Foreign direct investment according to the benchmark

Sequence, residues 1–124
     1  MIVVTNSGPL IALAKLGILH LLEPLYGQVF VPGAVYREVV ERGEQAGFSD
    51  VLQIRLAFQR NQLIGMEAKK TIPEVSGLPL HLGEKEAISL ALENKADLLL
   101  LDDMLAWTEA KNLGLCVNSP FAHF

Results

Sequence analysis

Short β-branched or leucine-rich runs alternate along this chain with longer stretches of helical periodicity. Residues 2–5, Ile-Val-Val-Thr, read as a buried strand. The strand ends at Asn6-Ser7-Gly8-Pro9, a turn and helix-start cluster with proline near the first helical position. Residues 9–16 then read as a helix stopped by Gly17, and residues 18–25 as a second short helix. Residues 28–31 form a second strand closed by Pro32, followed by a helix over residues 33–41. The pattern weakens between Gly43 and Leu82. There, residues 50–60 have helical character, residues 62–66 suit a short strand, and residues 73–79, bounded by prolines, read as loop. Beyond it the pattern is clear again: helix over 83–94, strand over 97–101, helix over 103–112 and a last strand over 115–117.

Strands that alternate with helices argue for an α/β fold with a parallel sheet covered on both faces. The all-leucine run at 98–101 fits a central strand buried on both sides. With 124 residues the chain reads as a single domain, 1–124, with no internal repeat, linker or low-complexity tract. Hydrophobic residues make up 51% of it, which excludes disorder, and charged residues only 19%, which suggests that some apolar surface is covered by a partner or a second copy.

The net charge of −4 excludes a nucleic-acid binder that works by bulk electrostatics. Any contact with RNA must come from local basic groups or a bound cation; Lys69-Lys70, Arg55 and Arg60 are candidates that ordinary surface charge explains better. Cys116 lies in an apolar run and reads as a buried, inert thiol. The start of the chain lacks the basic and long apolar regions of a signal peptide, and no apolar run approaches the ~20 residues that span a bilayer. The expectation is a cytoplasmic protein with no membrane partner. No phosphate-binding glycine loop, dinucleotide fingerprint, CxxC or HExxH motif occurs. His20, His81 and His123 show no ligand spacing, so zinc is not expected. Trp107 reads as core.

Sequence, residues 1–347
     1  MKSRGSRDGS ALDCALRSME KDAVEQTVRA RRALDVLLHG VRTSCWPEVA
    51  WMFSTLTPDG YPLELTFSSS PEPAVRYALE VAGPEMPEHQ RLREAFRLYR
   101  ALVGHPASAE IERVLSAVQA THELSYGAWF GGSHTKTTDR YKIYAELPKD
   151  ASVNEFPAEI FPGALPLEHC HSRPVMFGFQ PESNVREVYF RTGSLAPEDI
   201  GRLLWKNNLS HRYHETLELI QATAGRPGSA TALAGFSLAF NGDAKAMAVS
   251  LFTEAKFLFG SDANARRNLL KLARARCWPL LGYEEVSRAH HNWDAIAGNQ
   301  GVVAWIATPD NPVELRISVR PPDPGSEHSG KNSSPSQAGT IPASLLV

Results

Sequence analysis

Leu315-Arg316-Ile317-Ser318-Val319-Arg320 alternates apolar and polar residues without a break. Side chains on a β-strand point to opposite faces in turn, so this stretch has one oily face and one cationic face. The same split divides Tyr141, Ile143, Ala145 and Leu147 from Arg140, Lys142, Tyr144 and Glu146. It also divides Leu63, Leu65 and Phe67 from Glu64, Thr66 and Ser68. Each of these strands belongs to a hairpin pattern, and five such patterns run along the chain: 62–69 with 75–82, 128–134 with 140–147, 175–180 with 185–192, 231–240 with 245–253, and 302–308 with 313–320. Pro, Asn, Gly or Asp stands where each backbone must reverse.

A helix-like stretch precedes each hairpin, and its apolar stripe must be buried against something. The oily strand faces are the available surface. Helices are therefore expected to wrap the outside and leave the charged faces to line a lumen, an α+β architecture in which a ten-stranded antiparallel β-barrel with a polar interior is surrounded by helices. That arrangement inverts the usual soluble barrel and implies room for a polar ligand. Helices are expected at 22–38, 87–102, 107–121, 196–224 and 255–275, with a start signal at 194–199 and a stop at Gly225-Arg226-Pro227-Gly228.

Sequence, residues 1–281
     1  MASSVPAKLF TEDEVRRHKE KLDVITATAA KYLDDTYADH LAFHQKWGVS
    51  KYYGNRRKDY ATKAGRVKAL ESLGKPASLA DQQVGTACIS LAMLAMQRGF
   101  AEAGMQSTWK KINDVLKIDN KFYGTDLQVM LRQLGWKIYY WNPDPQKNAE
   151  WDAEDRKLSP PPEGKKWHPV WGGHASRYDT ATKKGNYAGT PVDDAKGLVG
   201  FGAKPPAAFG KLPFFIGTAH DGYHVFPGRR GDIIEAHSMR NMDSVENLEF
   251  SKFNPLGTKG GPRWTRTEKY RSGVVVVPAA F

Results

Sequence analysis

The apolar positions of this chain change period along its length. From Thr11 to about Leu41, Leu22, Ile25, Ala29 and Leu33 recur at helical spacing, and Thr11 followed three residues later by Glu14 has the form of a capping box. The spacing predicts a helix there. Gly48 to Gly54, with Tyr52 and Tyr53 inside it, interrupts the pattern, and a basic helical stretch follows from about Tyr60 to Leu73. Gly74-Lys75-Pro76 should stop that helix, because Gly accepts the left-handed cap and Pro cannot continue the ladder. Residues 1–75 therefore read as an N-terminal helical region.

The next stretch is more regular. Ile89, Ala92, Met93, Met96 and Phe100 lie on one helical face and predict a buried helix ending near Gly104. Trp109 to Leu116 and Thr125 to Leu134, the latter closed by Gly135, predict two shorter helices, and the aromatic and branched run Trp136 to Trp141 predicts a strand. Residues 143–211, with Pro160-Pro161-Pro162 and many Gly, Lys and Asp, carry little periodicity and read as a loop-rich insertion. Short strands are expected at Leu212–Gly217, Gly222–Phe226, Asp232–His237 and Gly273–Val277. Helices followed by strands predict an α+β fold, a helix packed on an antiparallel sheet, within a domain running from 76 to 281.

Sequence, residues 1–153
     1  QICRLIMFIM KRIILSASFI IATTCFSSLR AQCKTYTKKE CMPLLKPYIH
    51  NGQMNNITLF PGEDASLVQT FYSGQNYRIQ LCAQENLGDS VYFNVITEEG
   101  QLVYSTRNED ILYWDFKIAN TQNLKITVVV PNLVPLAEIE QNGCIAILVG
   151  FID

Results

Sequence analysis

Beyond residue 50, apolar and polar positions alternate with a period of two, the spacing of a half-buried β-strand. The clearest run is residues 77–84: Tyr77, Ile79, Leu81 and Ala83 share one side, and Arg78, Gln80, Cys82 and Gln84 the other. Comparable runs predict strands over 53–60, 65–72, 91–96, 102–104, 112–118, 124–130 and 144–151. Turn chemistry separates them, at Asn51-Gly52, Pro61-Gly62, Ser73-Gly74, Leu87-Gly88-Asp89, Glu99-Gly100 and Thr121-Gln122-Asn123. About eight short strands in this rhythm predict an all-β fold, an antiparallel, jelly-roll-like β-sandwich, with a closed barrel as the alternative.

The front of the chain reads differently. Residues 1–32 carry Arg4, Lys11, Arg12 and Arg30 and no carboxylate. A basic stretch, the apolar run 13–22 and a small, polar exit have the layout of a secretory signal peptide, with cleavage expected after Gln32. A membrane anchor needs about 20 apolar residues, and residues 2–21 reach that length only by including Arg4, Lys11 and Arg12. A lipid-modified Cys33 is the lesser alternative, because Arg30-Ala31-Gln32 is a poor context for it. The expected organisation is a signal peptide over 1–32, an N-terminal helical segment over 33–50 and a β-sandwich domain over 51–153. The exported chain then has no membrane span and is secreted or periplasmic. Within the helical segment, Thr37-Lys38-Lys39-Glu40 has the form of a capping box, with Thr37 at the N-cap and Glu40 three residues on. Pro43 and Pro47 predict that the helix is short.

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> Foreign direct investment According to the benchmark definition of foreign direct investment provided by the OECD, in line with the IMF’s Balance of Payments Manual: “Direct investment is a category of cross-border investment made by a resident in one economy (‘the direct investor’) with the objective of establishing a lasting interest in an enterprise (‘the direct investment enterprise’) that is resident in an economy other than that of the direct investor. The motivation of the direct investor is a strategic long-term relationship with the direct investment enterprise to ensure a significant degree of influence by the direct investor in the management of the direct investment enterprise. The ‘lasting interest’ is evidenced when the direct investor owns at least 10% of the voting power of the direct investment enterprise…” FDI flows comprise a wide variety of transactions. In addition to share capital transactions and reinvested earnings, direct investment encompasses all short- and long-term deposits, advances and loan transactions between affiliated companies. The end purpose of some of these financial flows is identical to that of share capital transactions: this is the case, for example, when a parent company makes out a loan to a non-resident subsidiary to cover an expansion in output capacity. However, other financial flows arise from fiscal considerations, involving the establishment by multinational firms of holding companies and treasury centers in a number of European countries for tax purposes. As such, globalization and the growing international footprint of companies have contributed to a surge in short-term transactions and the heightened volatility of foreign direct investment flows. UNCTAD collects and aggregates FDI flow data provided by central banks without differentiating between the various components of these flows. Accordingly, no distinction is made between tax avoidance by businesses (intra-group loans) and new investment sites (share capital transactions in the strict sense of the term). Furthermore, the financial flows arising from internal loans made by multinational firms (intra-group loans) frequently comprise any number of transactions in both directions, inward and outward, which offset each other during the course of the year. The major fluctuations in intra-group loans render FDI flows extremely volatile. Annual estimates by the Banque de France are made using the “extended directional principle” methodology, now recommended by both the IMF and the OECD, which provides a more realistic economic picture of these transactions. It involves adjusting for intra-group loans so as to obtain a single annual net figure for each multinational group, instead of recording each and every transaction, which are often offset by one another, throughout the year. The Banque de France is one of the few central banks to apply the extended directional principle, thereby limiting the impact that intra- group loans between subsidiaries have on FDI flows. For this reason alone, any form
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